Getty Images/Cindy Ord
The Museum of Ice Cream began as a pop-up concept in 2016 and is now opening a massive flagship location in the city where it all began: New York. The 25,000-square-foot building features 13 all-new multi-sensory installations including a “celestial subway,” “queen bee hive,” three-story spiral slide and colossal sprinkle-filled pool with about 100 million rubber rainbow pieces. For a sneak peak inside, follow us.
Before you enter the first installation, you have to come up with your ice cream name. For inspiration, check the star-studded plaques on the wall: Demi Gelato, Melon DeGeneres, Alexander McCream, Cake Gyllenhaal and more.
The first installation is a lounge area featuring a pretty pink bar serving vanilla milkshakes topped with whipped cream and a cherry. An energetic singer, clad head to toe in showy ice cream apparel, might invite you on stage for a frozen dessert-inspired duet.
Are you celebrating something? If not, you are now. The super-long table in this smokey room is blanketed with faux goodies and real cake pops.
Instead of taking you through smelly gray tunnels underground, this dreamy subway transports you to futuristic New York City-inspired spots like Skybeca. If only all trains were this clean.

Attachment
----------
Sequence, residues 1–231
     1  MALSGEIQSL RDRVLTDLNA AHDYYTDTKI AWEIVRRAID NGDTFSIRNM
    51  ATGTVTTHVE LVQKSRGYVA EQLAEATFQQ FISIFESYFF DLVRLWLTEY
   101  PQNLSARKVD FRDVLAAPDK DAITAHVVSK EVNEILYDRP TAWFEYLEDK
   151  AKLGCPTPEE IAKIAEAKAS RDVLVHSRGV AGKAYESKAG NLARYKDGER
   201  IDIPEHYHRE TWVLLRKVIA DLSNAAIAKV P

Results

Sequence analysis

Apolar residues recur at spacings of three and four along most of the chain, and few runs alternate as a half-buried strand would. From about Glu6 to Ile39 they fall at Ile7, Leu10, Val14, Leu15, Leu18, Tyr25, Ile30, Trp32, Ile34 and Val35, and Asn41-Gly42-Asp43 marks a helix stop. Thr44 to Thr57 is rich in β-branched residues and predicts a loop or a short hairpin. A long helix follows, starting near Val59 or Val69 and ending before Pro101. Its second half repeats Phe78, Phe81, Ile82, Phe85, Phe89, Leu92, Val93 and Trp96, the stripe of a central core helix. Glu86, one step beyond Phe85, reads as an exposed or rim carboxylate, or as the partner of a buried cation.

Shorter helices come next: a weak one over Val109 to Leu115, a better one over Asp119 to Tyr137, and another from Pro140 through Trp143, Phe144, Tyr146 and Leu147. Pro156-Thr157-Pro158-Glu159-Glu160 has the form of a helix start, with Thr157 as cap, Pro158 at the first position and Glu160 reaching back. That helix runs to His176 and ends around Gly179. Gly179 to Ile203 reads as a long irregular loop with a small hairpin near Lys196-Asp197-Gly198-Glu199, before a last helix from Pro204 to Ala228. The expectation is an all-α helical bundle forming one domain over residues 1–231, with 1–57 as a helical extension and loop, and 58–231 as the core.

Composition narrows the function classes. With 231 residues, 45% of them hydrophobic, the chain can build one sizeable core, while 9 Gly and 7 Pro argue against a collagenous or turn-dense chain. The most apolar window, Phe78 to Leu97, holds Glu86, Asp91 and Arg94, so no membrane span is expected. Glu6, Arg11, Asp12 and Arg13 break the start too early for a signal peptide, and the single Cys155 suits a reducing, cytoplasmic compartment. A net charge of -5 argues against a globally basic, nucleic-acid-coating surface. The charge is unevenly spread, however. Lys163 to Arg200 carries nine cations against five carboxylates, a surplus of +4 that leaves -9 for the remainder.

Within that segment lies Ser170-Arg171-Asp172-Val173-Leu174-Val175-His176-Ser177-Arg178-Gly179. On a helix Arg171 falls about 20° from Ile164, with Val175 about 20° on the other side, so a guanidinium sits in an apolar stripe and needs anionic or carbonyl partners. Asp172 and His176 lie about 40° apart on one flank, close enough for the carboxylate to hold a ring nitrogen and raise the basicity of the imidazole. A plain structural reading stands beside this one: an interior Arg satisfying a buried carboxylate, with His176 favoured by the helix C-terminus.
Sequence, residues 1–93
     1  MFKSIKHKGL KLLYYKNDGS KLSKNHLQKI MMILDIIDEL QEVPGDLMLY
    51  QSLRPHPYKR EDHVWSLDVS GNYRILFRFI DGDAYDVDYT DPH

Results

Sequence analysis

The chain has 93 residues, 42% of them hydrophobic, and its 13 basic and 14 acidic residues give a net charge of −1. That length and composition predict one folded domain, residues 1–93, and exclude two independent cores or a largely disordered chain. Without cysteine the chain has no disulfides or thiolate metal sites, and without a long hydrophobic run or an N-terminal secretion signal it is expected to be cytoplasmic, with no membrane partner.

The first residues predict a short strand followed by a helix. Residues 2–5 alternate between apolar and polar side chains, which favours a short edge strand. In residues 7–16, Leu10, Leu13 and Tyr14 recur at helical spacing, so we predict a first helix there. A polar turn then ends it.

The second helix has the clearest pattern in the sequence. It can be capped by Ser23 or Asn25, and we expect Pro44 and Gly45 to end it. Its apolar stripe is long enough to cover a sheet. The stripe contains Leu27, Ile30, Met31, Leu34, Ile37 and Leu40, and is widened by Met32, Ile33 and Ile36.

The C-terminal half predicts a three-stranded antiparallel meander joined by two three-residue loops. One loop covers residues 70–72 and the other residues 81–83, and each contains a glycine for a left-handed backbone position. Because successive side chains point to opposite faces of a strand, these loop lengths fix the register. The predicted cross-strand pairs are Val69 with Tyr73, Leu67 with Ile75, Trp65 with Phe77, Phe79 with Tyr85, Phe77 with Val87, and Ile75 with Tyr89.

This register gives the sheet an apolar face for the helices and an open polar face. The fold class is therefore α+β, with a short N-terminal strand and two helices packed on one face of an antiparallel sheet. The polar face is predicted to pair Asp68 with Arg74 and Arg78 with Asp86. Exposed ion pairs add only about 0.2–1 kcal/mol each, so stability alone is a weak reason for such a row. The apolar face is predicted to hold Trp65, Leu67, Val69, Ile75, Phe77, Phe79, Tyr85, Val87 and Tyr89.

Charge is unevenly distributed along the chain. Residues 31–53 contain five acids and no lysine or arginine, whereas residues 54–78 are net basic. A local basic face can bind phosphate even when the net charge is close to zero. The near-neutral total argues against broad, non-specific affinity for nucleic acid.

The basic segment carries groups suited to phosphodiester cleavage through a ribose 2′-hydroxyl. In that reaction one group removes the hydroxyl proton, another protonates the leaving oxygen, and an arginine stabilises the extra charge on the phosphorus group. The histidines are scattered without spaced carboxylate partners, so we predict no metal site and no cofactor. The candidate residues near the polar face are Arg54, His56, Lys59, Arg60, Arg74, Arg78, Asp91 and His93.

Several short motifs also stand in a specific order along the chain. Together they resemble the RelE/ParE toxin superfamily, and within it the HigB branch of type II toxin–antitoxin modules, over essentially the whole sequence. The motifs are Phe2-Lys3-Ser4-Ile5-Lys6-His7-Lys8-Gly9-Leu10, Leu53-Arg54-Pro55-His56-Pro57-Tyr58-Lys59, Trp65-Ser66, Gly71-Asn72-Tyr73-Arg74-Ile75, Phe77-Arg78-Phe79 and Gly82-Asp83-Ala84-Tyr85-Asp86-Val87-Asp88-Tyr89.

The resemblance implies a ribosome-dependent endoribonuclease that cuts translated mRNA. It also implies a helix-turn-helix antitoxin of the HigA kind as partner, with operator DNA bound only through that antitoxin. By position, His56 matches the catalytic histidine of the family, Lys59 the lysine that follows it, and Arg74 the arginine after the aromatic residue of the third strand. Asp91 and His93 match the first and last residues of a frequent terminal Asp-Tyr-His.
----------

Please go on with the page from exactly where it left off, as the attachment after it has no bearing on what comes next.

When you get off at your subway stop, you’ll enter a mirrored room with tiny red seats. Lights then project partially cloudy bright blue skies all around you.
This installation has pink and yellow bananas hanging from the ceiling.
This little hut is easier to get into if you’re a small child, but in the off chance you’re not, you’ll have to crawl. Inside, the walls are covered with rainbow sprinkles.
Next door to the sprinkle room, there’s another miniature installation. It’s a bright pink bouncy house.
If you’re wondering why the employees are stretching in this room, it’s not because they’re about to work out (that we know of). It’s on-theme with the ice cream sample you’re about to get. It’s called booza and it’s made with mastic (or tree sap), giving it a super cool mouthfeel.
This room is available to all museum guests, but if you want to have a private event here you can rent it for an hour with up to 40 people for $5,000. There is piano art on the wall and cool pink turntables for you to play DJ.
Walk down a kaleidoscope hall to the top of the three-story swirly slide. You can go down without or without a sack, but with will speed up the ride.
The bottom of the slide brings you to a forest of columns that look like they’re dripping ice cream. Follow the glowing light to the back of the room for soft serve in a cone.
This bright yellow exhibit features a queen bee with an ice cream pint on her royal staff. Sit in the winged chairs or lick honey ice cream from a baby cone.
This multicolor room is full of playground essentials: a swingset, monkey bars, basketball hoops and teeter totters. There’s also a bowl of pink plastic balls and rubber ice cream cones.
The sprinkle pool is the most iconic part of the Museum of Ice Cream — and this time, it’s accompanied by an adults-only jacuzzi. There are nearly 100 million biodegradable rubber pieces in this room — the last installation on the tour. If you’re still hankering for sweet stuff, grab a pint at the gift shop on your way out or head to the best ice cream stand in your state.
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